Bridge To LBI Who Was Dorland J Henderson

Dated: 07/07/2016

Views: 4432

As I drive across the new bridge span from Manahawkin to LBI each day from my mainland office to my home in Ship Bottom, I take note of the blue and white sign that reads “Dorland J. Henderson Memorial Bridge,” and I ponder just who the heck was Dorland J. Henderson?

Was he part of the Tuckerton Railroad that opened the corridor to LBI? Maybe one of the original local leaders of the U.S. Lifesaving service or a sea captain whose ship foundered on the sandbars off the island? A little bit of digital research yielded the answer.

 Born in 1900, Dorland J. Henderson, of African-American descent, had a prominent career as an electrical engineer with the New Jersey Department of Transportation. He rose through the ranks during a time of great racial discrimination to become the Chief of the Department of Transportation’s Electrical Bureau and the Division of Traffic Engineering. As part of his programs to eliminate racial discrimination, Henderson formed polices that removed questions regarding race, creed, color or national origin from all personnel records and forms.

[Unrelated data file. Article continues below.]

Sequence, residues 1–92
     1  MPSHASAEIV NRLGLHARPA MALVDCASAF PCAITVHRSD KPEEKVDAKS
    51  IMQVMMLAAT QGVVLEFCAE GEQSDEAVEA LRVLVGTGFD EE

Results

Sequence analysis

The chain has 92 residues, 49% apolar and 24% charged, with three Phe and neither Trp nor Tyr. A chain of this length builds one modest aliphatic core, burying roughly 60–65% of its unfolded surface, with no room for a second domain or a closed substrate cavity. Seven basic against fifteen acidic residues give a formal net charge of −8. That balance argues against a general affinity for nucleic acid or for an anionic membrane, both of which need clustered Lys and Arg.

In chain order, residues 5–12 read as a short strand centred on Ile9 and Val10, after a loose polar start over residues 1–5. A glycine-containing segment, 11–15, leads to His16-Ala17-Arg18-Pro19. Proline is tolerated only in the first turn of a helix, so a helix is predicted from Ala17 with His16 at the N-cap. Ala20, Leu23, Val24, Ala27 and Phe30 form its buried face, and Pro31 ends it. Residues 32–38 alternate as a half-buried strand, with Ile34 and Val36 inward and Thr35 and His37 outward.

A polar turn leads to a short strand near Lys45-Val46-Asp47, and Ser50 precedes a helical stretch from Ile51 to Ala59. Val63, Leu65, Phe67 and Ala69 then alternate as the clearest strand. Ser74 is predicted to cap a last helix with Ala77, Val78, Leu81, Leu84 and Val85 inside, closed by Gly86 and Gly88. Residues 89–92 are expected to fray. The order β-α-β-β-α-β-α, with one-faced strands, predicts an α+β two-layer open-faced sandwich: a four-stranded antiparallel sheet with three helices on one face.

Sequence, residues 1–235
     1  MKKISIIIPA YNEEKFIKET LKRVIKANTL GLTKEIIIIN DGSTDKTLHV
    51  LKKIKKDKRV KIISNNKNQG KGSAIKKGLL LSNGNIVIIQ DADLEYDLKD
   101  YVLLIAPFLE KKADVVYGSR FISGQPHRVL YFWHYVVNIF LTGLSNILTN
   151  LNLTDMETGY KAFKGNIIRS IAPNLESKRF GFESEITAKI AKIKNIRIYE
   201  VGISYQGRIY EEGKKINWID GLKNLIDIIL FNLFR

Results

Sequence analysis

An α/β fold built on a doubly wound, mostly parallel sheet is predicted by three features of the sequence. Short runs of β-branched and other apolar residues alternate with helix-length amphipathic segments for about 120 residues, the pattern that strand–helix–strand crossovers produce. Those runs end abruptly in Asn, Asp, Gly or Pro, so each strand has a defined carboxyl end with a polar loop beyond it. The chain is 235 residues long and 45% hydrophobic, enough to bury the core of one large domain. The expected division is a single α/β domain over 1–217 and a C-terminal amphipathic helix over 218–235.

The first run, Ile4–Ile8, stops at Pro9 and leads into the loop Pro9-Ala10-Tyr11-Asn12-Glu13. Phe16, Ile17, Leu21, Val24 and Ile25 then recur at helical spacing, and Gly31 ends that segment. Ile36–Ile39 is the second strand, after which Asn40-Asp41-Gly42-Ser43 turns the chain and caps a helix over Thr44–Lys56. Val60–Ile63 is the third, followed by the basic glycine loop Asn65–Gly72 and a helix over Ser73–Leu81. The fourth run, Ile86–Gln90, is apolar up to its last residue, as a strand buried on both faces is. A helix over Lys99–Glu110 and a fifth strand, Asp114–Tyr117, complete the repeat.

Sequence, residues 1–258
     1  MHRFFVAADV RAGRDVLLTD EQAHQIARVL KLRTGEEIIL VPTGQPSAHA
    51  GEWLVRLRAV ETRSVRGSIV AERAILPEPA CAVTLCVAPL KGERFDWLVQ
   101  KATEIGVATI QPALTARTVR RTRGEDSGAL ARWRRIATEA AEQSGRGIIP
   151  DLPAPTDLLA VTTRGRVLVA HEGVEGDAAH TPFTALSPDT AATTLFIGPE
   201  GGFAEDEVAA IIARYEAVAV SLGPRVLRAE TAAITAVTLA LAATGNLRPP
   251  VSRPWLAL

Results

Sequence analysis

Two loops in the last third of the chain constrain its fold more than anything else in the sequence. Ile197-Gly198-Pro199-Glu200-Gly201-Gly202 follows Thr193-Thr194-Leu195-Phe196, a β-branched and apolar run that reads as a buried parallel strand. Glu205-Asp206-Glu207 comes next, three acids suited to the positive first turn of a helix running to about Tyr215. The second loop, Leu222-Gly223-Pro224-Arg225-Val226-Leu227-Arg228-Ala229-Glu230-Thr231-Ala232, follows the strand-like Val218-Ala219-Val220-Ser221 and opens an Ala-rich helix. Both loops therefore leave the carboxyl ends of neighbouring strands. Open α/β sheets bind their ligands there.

Mr. and Mrs. Dorland J. Henderson:Image title

Photograph credit: Marjorie Amon

In the mid 1950’s, Henderson received an assignment to develop a lighting system for the bridge spanning across Manahawkin Bay from the mainland to Long Beach Island. Starting from scratch, meaning without pre-design initiatives, Henderson conceived a design that preserved the low level lines of the bridge span. Implemented in 1958, the final product was the first of its kind in the world. Comprising 768 fluorescent lights recessed in the bridge’s side guard rails, the illumination was described as a “string of pearls” and hailed as one of the most aesthetically pleasing ever designed for a bridge in the United States. 

Dorland Henderson died in 1996, and on November 2, 2000, Governor Christie Whitman officially renamed the Manahawkin Bay Bridge to “The Dorland J. Henderson Memorial Bridge” as part of the State’s “Many Faces, One Family” initiative. In 2004, the fifty-eight year old structure was declared structurally deficient and in need of serious repair. As all who travel the bridge know, a new span has been built as part of a much larger endeavor. The old span will be reconstructed with work projected to continue until 2020. Overhead lights will illuminate the new bridge spans, but LED low level lights will be installed to simulate the original string of pearls effect.

So now we both know about Dorland J. Henderson.

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